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This is probably a daft question, but when gardening mags and books say don't prune roses in time of frosts, what exactly do they mean? If there was a frost in the morning, but it's gone by lunchtime can you prune in the afternoon? If the weatherforecast says frost for the next day can you prune the day before? Or does it just mean don't prune while there is frost at the time of pruning? Though why should one want to? Most uncomfortable and chilly!
I think they mean the sort of hard frosts that would damage the resulting new shoots.
I have always read this as saying don't prune too early say in December/ January as any news shoots stimulated to grow could get nipped back by frosts.
At moment we have positive temperatures during the day but negative ones during the night. I am wondering whether it is still too soon to prune fruit trees (or anything else that should be pruned now) as the tissue around the new cut would probably be damaged by the minus temperatures during the night.
What do you think?
I think you are over analysing this-pruning is mostly done in the dormant period before the sap rises-on your theory this would never get done as this is usually is in the winter period when frost is likely at night any time -and if you dont prune now and wait for frosts to go the window of opportunity has gone
So you prune now
Roses too ? I thought I had read somewhere that I should leave rose pruning tl March
Always do mine from any time now-some from postings on this forum have already done it
It is conditions not calendar that surely dictates-I would say now to Mid-March depending on area
OK - thanks. Secateurs here I come !
Some also say that if you spray your roses against rust etc. that this is best done when the plant first starts bud bursting i.e. don't wait until in full leaf. So whatever time you prune keep an eye on the growth and be prepared to act soonest.
Just one drawback this year...the manufacturer of Roseclear3, the main spray available to poor souls such as we, has halved the strength of the product, but has not lowered the price. The change is in the smal print on the side of the packet. Last year it made 20L of spray, this year it only makes10L. Now there's a nice surprise for everyone.
I'm only just pruning mine now, much later than I normally would as I'm near the south coast.
They've put on so little growth though, my reasoning is if it feels a month later than usual to us temperature wise, it probably does to them too.
I've not taken as much off as I normally would with the hybrid teas, because I'm pruning to invigorate them, not exhaust them if they've already put all that energy into new growth already. I also tend to prune as I pick roses or deadhead during the summer, back to the next outward facing bud, so didn't have to cut much or anything off now anyway on the english roses.
I'm only just doing the climbers too, but am just tipping the dead bits off really as they're mostly only a year or two old.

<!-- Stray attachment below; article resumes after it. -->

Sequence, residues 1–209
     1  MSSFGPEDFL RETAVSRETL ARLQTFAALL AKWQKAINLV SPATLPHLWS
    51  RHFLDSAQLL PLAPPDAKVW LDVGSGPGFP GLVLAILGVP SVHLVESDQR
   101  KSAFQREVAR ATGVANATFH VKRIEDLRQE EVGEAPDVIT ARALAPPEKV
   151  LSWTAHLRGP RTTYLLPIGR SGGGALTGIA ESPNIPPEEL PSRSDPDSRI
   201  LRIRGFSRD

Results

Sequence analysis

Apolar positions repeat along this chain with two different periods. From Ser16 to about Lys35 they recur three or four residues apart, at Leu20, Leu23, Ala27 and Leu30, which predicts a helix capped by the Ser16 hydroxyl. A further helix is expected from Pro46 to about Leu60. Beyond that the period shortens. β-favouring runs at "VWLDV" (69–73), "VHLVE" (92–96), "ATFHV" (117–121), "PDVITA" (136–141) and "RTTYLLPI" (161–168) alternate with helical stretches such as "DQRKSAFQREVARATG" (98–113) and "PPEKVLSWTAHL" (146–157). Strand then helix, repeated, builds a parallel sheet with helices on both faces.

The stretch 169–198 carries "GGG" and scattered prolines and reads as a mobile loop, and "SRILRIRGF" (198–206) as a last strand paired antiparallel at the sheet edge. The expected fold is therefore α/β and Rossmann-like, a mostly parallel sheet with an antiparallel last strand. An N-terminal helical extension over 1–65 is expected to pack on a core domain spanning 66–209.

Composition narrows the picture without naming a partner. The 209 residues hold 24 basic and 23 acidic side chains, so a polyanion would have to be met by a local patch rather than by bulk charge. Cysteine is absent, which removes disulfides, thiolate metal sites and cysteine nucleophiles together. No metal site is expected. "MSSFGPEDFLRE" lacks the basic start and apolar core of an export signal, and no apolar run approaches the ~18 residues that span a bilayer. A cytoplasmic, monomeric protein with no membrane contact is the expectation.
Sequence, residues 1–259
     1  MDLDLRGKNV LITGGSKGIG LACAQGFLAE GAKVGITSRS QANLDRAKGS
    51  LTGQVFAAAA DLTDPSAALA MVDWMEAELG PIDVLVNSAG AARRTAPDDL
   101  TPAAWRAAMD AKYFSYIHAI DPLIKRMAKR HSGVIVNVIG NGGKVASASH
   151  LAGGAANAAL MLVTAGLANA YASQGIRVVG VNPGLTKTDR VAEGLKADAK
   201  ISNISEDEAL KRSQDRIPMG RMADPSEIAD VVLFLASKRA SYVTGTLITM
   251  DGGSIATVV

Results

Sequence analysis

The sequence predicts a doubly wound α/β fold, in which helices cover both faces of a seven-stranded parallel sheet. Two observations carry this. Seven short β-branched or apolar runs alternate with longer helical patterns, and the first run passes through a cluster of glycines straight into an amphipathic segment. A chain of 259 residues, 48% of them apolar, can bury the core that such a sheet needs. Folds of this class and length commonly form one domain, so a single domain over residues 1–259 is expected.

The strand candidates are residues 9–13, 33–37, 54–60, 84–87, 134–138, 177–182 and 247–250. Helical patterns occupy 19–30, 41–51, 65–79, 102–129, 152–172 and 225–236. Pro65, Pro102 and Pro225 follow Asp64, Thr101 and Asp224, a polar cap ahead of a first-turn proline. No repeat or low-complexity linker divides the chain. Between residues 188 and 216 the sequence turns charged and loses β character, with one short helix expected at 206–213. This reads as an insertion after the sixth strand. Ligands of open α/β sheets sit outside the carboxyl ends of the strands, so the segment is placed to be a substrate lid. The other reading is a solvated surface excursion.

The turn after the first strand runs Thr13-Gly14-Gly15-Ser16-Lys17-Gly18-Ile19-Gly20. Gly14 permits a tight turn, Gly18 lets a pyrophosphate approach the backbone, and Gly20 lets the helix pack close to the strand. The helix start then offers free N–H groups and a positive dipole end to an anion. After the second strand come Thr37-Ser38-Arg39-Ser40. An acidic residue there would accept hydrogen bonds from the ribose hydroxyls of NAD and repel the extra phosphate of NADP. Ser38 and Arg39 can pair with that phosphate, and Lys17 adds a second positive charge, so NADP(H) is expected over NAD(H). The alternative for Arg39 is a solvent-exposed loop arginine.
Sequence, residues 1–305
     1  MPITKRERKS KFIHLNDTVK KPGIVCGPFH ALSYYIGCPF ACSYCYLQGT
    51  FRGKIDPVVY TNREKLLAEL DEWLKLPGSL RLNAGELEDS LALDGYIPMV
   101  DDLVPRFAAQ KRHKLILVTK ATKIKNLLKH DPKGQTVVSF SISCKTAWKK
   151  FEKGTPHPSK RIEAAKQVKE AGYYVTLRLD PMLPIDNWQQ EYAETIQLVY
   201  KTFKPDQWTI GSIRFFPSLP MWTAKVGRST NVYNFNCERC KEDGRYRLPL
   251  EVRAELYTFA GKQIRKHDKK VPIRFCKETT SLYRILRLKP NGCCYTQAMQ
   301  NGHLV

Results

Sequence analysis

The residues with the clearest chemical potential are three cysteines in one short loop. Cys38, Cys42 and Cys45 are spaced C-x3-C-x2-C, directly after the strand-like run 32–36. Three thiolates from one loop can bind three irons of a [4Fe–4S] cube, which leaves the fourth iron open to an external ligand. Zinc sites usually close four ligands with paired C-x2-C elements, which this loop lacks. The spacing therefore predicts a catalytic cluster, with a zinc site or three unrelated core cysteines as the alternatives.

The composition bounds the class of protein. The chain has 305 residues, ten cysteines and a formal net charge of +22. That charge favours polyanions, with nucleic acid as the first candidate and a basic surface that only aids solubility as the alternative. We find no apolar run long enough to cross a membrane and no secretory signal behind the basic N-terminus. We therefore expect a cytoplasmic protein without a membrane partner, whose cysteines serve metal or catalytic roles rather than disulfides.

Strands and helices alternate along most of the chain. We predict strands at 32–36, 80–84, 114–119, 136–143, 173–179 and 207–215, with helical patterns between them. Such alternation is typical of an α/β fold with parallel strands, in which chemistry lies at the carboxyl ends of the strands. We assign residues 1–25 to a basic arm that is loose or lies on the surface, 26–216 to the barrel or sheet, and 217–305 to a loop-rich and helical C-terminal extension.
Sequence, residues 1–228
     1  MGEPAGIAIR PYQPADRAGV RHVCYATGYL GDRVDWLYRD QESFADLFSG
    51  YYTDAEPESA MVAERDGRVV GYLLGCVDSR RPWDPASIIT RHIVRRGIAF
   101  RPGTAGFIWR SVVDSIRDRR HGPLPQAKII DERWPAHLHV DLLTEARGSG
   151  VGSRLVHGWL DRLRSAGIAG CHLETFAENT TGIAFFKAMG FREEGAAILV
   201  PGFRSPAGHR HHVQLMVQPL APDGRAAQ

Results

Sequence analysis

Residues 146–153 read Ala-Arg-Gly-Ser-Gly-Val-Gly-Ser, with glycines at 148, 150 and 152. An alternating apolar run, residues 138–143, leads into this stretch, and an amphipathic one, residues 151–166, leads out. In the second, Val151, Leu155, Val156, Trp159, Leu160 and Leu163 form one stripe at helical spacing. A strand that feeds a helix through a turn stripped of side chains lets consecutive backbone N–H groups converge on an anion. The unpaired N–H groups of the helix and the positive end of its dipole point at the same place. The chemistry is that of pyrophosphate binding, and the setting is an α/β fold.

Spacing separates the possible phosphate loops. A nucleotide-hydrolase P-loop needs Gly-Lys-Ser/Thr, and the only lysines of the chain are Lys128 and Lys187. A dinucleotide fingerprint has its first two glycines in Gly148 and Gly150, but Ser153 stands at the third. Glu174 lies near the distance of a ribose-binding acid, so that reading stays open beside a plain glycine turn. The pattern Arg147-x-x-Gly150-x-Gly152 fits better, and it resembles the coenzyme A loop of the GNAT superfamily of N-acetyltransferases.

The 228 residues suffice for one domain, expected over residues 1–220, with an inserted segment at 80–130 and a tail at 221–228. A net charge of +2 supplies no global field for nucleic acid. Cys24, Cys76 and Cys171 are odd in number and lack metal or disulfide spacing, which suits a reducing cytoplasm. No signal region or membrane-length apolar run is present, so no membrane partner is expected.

I hope I get away with it, I have lots of roses & want lots of blooms!
I pruned mine last week but would have left it later if I could but I've had foot surgery again this week so needed to get it done before I got laid up for a few weeks. After this winter there was more dead wood than usual and not a leaf on any but some good looking buds starting to swell so fingers crossed. I didn't do the ones over on the more exposed east side as they risk getting knocked back by a late frost so will ahve to take their chances with a late prune.
You definitely have to go with weather conditions and not calendars.
Thank you everyone for the replies.
I hope your foot recovers quickly Obelixx, very inconvenient time of year!
My roses are all shooting like mad now, finished pruning by end of March.
Help I pruned my roses yesterday in warm sunshine and a good week of warmer weather and behold a heavy frost here today. I am mortified should I wrap them up in bandages or will loving words of encouragement be enough I always pruned them before in Autumn but all advice says Feb to get the best blooms so thought it OK What a mistake
Too late for bandages. Frost expands the cells which can lead to damage in unhealed pruning wounds and introduce die-back or disease.
Cross your fingers, feed the roses and keep an eye on them for a few weeks as any problems won't show immediately. Then, if they do look damaged at the ends, prune back to healthy outward facing buds when there is no frost forecast.
I also was wondering about the pruning as my roses are shooting lots of new growth, much earlier than usual. I do them in March each year but as most stuff in the garden is ahead of itself I wondered if I should do them. They are in a south facing bed so they get lots of sunshine all day.
Each year seems different. In 2013, when this thread started, the spring was very cold. We went to Hever Castle for the rose week and there were no roses out so it was cancelled. Last spring 2014 was very mild and wet. Roses were 3 - 4 weeks earlier than 2013. This year has been quite cold, with snow, but it seems as though it will be earlier than 2013 too.
I have pruned roses at all times during the winter months from November right through till yesterday. Unless it's a prolonged spell of really cold weather, i.e. below freezing throughout the day for days on end, which it hasn't been this year, the roses will be fine, and those I pruned back in December now have lovely fat new buds.